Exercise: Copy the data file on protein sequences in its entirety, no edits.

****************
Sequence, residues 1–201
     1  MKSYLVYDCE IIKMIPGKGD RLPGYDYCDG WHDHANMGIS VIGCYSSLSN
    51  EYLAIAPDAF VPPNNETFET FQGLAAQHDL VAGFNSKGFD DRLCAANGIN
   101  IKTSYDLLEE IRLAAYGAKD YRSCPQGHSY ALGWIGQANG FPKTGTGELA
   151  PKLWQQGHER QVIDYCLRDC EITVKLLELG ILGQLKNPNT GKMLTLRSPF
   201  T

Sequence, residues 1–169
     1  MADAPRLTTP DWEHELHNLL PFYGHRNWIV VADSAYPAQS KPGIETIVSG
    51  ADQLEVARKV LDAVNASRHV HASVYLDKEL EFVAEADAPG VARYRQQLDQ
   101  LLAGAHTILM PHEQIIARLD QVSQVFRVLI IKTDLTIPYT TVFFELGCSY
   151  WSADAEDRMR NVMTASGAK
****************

Sequence, residues 1–201
     1  MKSYLVYDCE IIKMIPGKGD RLPGYDYCDG WHDHANMGIS VIGCYSSLSN
    51  EYLAIAPDAF VPPNNETFET FQGLAAQHDL VAGFNSKGFD DRLCAANGIN
   101  IKTSYDLLEE IRLAAYGAKD YRSCPQGHSY ALGWIGQANG FPKTGTGELA
   151  PKLWQQGHER QVIDYCLRDC EITVKLLELG ILGQLKNPNT GKMLTLRSPF
   201  T

Sequence, residues 1–169
     1  MADAPRLTTP DWEHELHNLL PFYGHRNWIV VADSAYPAQS KPGIETIVSG
    51  ADQLEVARKV LDAVNASRHV HASVYLDKEL EFVAEADAPG VARYRQQLDQ
   101  LLAGAHTILM PHEQIIARLD QVSQVFRVLI IKTDLTIPYT TVFFELGCSY
   151  WSADAEDRMR NVMTASGAK